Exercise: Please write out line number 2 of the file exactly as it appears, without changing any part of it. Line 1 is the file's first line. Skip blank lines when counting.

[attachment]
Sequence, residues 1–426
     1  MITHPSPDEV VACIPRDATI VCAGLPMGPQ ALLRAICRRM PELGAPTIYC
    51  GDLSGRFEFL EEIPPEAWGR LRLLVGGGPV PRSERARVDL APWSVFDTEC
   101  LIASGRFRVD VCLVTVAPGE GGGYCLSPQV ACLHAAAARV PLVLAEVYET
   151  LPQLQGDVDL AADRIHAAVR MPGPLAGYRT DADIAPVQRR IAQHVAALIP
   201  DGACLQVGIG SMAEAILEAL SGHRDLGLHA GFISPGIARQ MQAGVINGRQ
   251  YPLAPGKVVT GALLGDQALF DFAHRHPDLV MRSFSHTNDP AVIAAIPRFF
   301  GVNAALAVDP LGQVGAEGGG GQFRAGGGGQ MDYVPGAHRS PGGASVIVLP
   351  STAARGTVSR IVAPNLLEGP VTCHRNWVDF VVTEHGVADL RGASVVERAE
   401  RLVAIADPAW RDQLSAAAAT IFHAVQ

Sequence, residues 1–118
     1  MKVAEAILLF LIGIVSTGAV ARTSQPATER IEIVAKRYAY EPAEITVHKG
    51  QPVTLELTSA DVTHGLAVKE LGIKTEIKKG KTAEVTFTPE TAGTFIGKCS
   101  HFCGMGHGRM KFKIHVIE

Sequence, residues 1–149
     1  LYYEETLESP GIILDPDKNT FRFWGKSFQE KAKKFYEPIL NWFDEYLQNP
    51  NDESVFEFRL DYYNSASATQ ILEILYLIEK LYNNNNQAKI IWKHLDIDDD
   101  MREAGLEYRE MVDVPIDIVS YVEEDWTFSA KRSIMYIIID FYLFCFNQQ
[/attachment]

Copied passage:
     1  MITHPSPDEV VACIPRDATI VCAGLPMGPQ ALLRAICRRM PELGAPTIYC